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Jared Leto also spoke on a serious note after winning the supporting actor prize for “Dallas Buyers Club,” in which he plays Rayon, a transgender woman with AIDS.

“I’d like to dedicate this special honor to people who have lost their lives to this dreadful disease ... the Rayons of the world,” he said.

The guild gave its Life Achievement Award to Rita Moreno, the Puerto Rico-born actress, dancer and singer best known for playing the role of Anita in “West Side Story.” At 82, Moreno made one of the more vital appearances of the evening, dropping an F-bomb and singing “This is All I Ask” in a leg-baring dress.

Meanwhile, “Breaking Bad” may have ended its TV run last fall, but it’s still pulling in the trophies. The AMC drama about a ruthless meth kingpin earned the top honor for a television drama series. “What a way to go out in style,” Bryan Cranston said as he accepted the ensemble award. Moments earlier, he had topped off his Emmy and Golden Globe wins for playing Walter White, the high school chemistry teacher gone bad, with the prize for actor in a TV drama series.

The actor was in high spirits, acknowledging show creator Vince Gilligan with an “I love you, honey” and even breaking out into song, a joking nod to Life Achievement honoree Rita Moreno, who moments earlier sang through much of her speech.

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Two other acting veterans, Michael Douglas and Helen Mirren, also celebrated wins.

Douglas’ daring turn as the flamboyant gay showman Liberace in HBO’s “Behind the Candelabra” has been a revelation. It had already earned him the Emmy and the Golden Globe and on Saturday the SAG Award for performance by an actor in a television movie or miniseries. The actor had nothing but praise for his costar, who played the pianist’s much younger lover. “The truth is, I am not here without Matt Damon,” Douglas said. “This is yours too.”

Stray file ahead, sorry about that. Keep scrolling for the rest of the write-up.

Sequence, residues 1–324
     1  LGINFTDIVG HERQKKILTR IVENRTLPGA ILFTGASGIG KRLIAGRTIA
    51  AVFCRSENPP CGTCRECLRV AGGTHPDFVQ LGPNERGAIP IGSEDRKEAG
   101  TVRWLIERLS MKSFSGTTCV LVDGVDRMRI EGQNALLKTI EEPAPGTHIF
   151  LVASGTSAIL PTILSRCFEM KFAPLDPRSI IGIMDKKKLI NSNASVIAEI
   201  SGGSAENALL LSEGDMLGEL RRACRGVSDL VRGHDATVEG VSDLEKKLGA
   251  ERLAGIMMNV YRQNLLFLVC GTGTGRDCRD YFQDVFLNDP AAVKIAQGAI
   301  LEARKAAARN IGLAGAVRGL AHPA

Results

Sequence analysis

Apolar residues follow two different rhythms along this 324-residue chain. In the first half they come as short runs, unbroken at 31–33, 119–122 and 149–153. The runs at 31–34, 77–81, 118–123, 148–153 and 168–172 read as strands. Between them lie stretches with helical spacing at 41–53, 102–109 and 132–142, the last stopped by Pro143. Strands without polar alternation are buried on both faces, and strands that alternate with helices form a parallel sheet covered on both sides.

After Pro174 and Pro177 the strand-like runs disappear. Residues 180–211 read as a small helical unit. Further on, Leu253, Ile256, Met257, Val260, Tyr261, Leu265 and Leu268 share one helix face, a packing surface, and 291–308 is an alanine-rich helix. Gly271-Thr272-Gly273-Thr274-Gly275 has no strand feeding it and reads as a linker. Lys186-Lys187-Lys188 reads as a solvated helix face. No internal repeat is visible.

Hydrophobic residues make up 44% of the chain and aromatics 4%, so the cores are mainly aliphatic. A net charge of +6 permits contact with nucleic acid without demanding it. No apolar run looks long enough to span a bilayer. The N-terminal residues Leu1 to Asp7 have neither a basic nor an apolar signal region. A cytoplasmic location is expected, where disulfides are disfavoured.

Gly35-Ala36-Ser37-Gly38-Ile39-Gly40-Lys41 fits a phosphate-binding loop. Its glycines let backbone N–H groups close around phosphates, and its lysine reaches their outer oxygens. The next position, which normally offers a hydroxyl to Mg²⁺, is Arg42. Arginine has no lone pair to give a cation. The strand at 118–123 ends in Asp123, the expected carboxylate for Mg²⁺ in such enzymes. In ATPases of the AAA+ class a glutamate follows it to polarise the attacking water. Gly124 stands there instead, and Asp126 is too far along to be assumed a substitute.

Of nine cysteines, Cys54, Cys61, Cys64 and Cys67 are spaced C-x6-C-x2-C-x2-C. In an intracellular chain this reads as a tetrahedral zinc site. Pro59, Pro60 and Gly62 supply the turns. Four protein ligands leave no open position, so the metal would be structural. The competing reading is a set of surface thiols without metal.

Mirren won the trophy for female actor in a television movie or miniseries for HBO’s “Phil Spector,” also giving a gracious shout-out to her costar, Al Pacino, who played the troubled record producer. Smith, who wasn’t present, won the statuette for female actor in a drama series for PBS’ “Downton Abbey.”

On the comedy side, “Modern Family” won its fourth consecutive honor for top comedy series. And costar Ty Burrell took the comedy actor award, giving one of the funniest speeches of the evening, including his five simple rules for failing his way to success. Louis-Dreyfus won for female actor in a TV comedy role for HBO’s “Veep” and had the audience laughing with a riff on her role as the ambitious and demanding vice president.

Backstage, when the “Modern Family” cast hit the press room, there was an awkward moment when a reporter asked, “What did you learn from your mothers about beauty?”

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“Ariel should take this one,” Ed O’Neill said, prompting Sofia Vergara to push Ariel Winter forward.

Winter, 15, is estranged from her mother and in the midst of a nasty public spat, with the teen accusing her mother of calling her fat and depriving her of food. When pushed toward the microphone, Winter backed away.

After a week stuffed with awards shows, everyone in Hollywood seems to be getting punchy, a fact Louis-Dreyfus acknowledged in picking up her trophy. “It’s awards season and things get confusing.”

The 86th Academy Awards will take place March 2 at the Dolby Theatre in Hollywood.

Times staff writers Amy Kaufman, Susan King and Rene Lynch contributed to this report.